No Explorer of any year has a 9" rear axle. Explorer would have the Ford 8.8" integral rear axle.

9 inch: 1957/79 misc Passenger Cars; 1957/83 F100; 1965/67 E100 Super Van; 1966/86 Bronco; 1969/74 E200; 1975/86 F150; 1975/87 E100/150; 1980 Granada/Monarch/Versailles.

1959/67 F100's with Limited Slip have the Dana 44 rear axle .. Some 1976/79 F100/150 could also have the Dana 44.3 rear axle .. 1983/86 F100/150/Bronco could also have the 8.8."
 
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Old 11-20-2017, 10:07 AM
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You are right Bill - it was 8.8, from a '92 Explorer - I've just got used to referring to it as 9"
 
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Old 11-21-2017, 01:47 AM
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Originally Posted by truckdog62563 View Post
Add my welcome. Given your package of other changes, a rear axle swap is an obvious next step. But first, I’ll explain why. Your Timken has a 4.86/1 gear set which would limit highway speeds. Next, you have 14” Lockheed rear brakes (new drums are NLA) that necessitated bigger 17” wheels. The wheels Ford used are two part having outer rims today called the “widow maker”. The trade name for them is “Firestone RH-5”. A Google search for those terms would be a good safety move.

A rear axle from a 1972 or earlier F-250 is a bolt in fix. You could also do a 9” from the same era to allow use of the more common five lug front disc brake kits. Whichever path you take be alert to matching the bolt patterns front and rear.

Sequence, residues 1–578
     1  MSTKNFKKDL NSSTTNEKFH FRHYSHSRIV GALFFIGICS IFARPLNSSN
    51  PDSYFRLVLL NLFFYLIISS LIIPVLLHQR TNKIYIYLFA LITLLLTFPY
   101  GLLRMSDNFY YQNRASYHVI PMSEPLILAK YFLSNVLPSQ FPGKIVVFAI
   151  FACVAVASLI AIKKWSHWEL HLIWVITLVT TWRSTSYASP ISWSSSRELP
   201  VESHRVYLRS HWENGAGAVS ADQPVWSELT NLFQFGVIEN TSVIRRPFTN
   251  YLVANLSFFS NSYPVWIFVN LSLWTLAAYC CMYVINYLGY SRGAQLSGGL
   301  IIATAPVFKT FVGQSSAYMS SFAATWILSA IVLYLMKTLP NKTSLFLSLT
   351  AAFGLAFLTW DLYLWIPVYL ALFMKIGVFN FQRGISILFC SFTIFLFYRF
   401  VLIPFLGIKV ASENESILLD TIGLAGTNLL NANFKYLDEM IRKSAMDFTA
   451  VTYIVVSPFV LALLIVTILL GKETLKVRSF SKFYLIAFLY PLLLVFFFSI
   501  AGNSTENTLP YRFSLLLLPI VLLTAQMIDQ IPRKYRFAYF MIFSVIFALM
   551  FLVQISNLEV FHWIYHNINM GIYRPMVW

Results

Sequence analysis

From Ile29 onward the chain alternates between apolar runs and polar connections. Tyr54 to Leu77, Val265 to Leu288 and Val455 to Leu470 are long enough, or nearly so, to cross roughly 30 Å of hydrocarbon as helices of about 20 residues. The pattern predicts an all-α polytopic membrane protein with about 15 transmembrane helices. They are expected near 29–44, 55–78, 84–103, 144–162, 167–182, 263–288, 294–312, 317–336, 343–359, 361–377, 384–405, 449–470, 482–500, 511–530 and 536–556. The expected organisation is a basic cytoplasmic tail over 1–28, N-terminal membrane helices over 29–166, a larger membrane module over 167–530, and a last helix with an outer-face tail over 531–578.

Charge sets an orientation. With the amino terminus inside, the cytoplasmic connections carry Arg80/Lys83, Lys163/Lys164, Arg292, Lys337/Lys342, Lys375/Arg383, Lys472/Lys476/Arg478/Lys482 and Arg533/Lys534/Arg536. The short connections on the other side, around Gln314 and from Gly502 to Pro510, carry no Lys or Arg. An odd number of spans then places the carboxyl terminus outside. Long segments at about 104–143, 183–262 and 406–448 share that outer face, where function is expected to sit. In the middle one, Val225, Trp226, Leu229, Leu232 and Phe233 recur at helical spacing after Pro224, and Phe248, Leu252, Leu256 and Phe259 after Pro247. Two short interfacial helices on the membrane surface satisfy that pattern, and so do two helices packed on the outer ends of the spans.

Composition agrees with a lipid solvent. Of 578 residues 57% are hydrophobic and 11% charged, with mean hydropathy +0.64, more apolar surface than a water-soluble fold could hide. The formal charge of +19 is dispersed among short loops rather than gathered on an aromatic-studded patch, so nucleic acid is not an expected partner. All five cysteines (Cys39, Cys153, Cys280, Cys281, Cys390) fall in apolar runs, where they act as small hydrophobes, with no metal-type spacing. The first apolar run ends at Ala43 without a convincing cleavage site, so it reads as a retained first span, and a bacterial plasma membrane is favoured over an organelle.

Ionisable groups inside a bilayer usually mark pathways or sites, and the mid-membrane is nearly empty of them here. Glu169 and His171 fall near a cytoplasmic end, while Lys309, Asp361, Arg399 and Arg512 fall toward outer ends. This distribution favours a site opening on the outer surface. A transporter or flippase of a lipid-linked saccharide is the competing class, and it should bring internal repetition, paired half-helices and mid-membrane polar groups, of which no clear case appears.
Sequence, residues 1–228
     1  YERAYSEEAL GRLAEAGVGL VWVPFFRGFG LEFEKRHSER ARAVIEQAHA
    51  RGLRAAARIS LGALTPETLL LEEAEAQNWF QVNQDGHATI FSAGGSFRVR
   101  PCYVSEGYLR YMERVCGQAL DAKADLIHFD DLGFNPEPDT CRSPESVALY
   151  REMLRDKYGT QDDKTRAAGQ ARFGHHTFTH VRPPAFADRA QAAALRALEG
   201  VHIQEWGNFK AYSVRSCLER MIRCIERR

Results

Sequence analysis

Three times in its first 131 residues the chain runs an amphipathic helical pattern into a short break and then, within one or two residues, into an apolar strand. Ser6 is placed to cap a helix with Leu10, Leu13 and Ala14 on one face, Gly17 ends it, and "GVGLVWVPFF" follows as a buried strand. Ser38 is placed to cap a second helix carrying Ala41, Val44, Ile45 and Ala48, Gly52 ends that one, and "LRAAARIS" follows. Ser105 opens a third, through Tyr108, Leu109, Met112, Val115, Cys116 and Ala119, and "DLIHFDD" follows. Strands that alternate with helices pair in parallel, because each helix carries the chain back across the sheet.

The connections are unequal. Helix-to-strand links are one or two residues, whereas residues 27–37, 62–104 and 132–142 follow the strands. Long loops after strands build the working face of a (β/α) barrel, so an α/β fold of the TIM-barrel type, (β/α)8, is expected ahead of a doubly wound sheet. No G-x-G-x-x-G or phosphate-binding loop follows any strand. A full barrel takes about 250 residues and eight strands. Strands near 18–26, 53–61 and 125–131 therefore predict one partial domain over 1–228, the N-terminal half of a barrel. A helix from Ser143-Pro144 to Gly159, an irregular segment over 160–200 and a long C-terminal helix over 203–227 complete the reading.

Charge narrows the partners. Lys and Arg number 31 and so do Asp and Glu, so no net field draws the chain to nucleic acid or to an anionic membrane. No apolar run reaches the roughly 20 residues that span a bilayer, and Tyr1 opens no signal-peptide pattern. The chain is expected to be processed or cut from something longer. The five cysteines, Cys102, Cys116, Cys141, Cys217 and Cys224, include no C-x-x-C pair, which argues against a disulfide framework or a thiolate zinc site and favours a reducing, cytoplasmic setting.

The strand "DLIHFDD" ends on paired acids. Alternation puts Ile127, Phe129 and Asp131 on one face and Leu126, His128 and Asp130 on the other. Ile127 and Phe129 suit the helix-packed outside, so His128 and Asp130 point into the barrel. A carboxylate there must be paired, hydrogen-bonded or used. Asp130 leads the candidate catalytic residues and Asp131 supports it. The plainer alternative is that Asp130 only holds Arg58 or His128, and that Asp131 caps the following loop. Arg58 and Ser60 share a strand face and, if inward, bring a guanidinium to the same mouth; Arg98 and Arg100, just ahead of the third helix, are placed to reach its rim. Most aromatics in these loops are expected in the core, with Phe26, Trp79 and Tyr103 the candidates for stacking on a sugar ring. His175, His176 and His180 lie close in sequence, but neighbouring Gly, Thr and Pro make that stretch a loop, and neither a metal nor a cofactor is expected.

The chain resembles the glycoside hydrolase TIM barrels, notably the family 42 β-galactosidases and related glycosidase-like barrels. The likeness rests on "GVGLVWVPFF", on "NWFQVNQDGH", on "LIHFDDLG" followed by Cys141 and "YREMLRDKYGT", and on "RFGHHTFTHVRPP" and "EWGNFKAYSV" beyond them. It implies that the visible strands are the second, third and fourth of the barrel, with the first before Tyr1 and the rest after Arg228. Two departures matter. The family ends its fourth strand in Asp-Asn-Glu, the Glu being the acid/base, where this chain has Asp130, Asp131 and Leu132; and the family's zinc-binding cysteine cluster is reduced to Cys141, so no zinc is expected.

Another modification you’ll probably want to make is the installation of a new dual master cylinder which could be a front disc/rear drum system. Stu
I knew about the widowmakers. I thought they looked like this. I looked at the wheels on the truck and any identifying information was rusted/worn beyond legibility.



These are the wheels on the truck right now. Are you certain they're widowmakers? I was going to replace the rims as an act of pragmatism anyway, but man if they're widowmakers, i'm damn glad you told me. Do i have to take any special precautions when removing them? Or is it the danger simply when the tire pressure rapidly changes, thus affecting the "worn in" seal of the retention/mating flange?

Frankly, i'm convinced i'll be replacing the whole rear end anyway, so if those are the split rims, i think what i'm going to do is remove the rear end as one piece, roll it into a corner of the property and let the tire pressure slowly drop to zero over a long period of time. My real area of expertise is with steam locomotives, and if there's one thing i've learned from that, it's that you just do not **** around with pressure vessels, particularly old poorly designed ones that want to kill you. I'm gonna be tip-toeing around these things.